FA CUP: Phil Parkinson’s big match verdict – Belief is the key to Blades hopes of shocking Tigers

Bradford City manager Phil Parkinson. Picture: James Hardisty.
Bradford City manager Phil Parkinson. Picture: James Hardisty.
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SUNDAY promises to be a day that Sheffield United and my old club Hull City will never forget.

I know that because last season at Bradford City, we found ourselves in a very similar position thanks to our run to the Capital One Cup final.

The interest was huge, which was maybe to be expected considering no other team from the fourth tier of English football had reached a major Wembley final.

Of course, this weekend’s game is different in that Hull and Sheffield United are competing in a semi-final. But the match is still taking place at Wembley so I am sure any Bradford fans who tune in at home will have a few memories stirred of our own meeting with Swansea City.

That entire week will live long in all our minds. There were certainly plenty of memorable moments. Reaching Wembley by beating Aston Villa in the semi-finals was one.

Then, there was when we walked out of the tunnel ahead of the final to be met by a wall of noise and colour. Even though we got beat on the day, everyone savours the memory of what was a special day in the history of Bradford City.

Every professional wants to play at one of the world’s greatest venues and to be part of a major Cup final.

For that reason, there will be a lot of managers and players in the lower divisions who are very jealous of Nigel Clough and his team on Sunday. Everyone wants to be doing the same. The Sheffield United lads should remember that and savour every moment.

Like ourselves in last season’s League Cup, they have been the story of the FA Cup this time around. It is a terrific achievement for the city of Sheffield to get this far, or one half of it at least. Nigel Clough and his players should all be very proud.

Now, though, they will face the biggest challenge of all. Sheffield United have beaten a couple of Premier League teams already but this is going to be very different.

I don’t think anyone will disagree when I say that Wembley is a stadium that favours the club from the higher division. There is no getting away from that. A league ground, and especially a lower league ground, can be a real leveller. We certainly found that last season.

Arsenal’s quarter-final visit to Valley Parade was a good example. The weather and the rock hard ground were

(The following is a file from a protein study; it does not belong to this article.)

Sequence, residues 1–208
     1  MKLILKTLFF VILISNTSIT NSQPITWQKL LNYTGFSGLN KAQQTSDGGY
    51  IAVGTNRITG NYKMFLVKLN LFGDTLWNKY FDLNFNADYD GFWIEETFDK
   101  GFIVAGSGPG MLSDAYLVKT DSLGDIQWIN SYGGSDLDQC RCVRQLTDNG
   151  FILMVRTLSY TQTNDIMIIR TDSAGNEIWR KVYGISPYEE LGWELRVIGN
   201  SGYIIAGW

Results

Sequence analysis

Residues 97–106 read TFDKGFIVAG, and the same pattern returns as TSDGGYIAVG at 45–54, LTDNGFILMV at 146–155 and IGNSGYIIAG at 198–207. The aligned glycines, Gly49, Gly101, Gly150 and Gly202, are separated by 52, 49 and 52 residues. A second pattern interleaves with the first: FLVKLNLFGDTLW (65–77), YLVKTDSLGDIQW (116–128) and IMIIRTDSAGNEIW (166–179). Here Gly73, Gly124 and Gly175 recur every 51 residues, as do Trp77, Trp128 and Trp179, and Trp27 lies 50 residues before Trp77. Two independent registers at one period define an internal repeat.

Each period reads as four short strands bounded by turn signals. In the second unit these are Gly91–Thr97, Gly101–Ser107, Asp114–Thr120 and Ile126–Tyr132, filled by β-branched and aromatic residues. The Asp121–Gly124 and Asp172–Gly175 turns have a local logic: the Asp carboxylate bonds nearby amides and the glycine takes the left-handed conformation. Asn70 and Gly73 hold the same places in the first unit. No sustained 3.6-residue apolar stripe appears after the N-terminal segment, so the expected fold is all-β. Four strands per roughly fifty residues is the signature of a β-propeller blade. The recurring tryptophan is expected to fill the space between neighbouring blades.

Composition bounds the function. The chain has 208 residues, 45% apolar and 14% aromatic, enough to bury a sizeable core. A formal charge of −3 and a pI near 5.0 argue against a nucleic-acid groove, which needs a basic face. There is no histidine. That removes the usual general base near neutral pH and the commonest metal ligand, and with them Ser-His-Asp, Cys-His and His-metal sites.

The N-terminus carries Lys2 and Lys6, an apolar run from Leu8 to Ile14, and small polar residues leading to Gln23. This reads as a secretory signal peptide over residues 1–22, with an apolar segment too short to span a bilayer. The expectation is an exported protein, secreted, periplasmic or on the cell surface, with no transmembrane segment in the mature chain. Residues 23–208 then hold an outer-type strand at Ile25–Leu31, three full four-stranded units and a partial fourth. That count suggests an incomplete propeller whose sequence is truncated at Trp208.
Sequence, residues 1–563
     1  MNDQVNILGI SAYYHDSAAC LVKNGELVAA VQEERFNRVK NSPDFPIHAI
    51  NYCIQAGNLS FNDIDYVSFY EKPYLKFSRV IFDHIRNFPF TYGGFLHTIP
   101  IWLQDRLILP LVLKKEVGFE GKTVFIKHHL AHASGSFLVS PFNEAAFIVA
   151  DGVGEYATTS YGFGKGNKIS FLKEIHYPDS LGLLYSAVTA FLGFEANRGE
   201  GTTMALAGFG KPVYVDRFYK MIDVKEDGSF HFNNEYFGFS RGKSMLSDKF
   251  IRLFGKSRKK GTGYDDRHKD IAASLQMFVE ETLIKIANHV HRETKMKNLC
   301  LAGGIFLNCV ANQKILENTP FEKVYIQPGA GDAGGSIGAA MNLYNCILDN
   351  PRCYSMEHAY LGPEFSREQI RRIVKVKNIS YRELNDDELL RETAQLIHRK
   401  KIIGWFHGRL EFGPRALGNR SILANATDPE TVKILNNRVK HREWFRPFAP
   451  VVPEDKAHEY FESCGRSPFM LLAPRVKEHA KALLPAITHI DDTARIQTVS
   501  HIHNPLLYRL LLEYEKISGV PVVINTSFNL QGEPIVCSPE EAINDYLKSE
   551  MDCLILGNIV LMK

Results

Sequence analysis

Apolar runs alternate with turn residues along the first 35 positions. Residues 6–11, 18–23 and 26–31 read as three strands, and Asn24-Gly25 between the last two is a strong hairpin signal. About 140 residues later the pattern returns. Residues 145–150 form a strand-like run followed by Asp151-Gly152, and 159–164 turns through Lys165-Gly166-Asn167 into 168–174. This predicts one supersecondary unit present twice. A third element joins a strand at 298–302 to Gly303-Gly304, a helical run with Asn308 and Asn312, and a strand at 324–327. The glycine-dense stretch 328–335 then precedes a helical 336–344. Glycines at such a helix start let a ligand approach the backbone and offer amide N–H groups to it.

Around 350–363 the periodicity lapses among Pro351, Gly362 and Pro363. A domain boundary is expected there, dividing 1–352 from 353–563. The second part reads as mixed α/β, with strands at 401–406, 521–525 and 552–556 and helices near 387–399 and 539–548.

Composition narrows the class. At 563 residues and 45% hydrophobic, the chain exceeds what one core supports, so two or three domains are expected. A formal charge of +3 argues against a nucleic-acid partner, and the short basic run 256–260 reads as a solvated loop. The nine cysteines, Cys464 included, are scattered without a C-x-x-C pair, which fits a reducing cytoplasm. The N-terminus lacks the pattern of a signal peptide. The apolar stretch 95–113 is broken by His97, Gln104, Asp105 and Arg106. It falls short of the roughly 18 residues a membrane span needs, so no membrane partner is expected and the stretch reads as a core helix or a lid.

much more suited to us than Arsenal. And, to me, the tie 
had ‘Cup shock’ written all over it.

Wembley is very different. The surface is immaculate for a start. The dressing rooms were also very different to Valley Parade or anywhere else, for that matter. So, Sheffield United are probably facing their stiffest task yet.

That said, though, Hull City are not Arsenal. Steve Bruce’s side have had a good season but they have also had a couple of defeats of late. That means they have one eye on the Premier League table.

Sheffield United, on the other hand, are safe in League One so they can go into the semi-final and throw everything into it.

From what I have seen of their run to the semi-finals, they have played with a real confidence and belief in themselves. They have proved they can compete with the 

Now, though, they will have to take that same belief into the semi-final.

That was how we got to the League Cup final in 2012-13. Our belief grew the longer our run went on.

By the time we faced Arsenal and, certainly, Aston Villa in the last four, we had an attitude of, ‘Let’s go and ruffle a few feathers’.

We were determined that the opposition would know they had been in a real Cup tie, regardless of how we got on. That is the attitude Sheffield United must take to Wembley.

For us, Villa was the big one. We were so close to the final but also so far away. We knew they had big-game players, such as Christian Benteke. But, equally, we knew that Villa also conceded a lot of goals and that their confidence was brittle.

That was something to exploit and the only way to do that was to send a team out that had an attacking threat. If you go into these games and just sit back – almost like you are waiting to get beat – then usually what happens is you get beat.

Hull, of course, start as favourites. It didn’t go great for me as manager at the KC Stadium but it is still a good club. The fans were good to me, despite results not going as we all hoped.

I think they understood what I had inherited. That is why I am so glad to see those supporters get their rewards this season.

For both clubs, preparation will be key. We learned a few lessons from the League Cup final that helped us when we later reached the play-off final.

The media exposure was something I hadn’t experienced before. Dealing with it can have a draining effect on everyone. I am not blaming that for what happened against Swansea but it can have an impact.

Other problems included dealing with the demand for tickets.

As a result, we made sure when we went back to Wembley in May that we treated it much more like a normal game, with the usual press arrangements and so on.

Against Northampton in the play-offs, I felt we got the balance right – whereas maybe we didn’t in the League Cup.

As for Sunday, it really is all about who copes with the occasion. Hull are in the Premier League but Sheffield United can’t fear them. They are only human beings, after all. And it is 11 versus 11 on the day. Sheffield United have to remember that.

The pressure is all on Hull City. And how they handle it will be vital. In contrast, there is no expectation on Sheffield United at all. That means they can play with freedom and stick to their game-plan. It should be a great game

Interview: Richard Sutcliffe.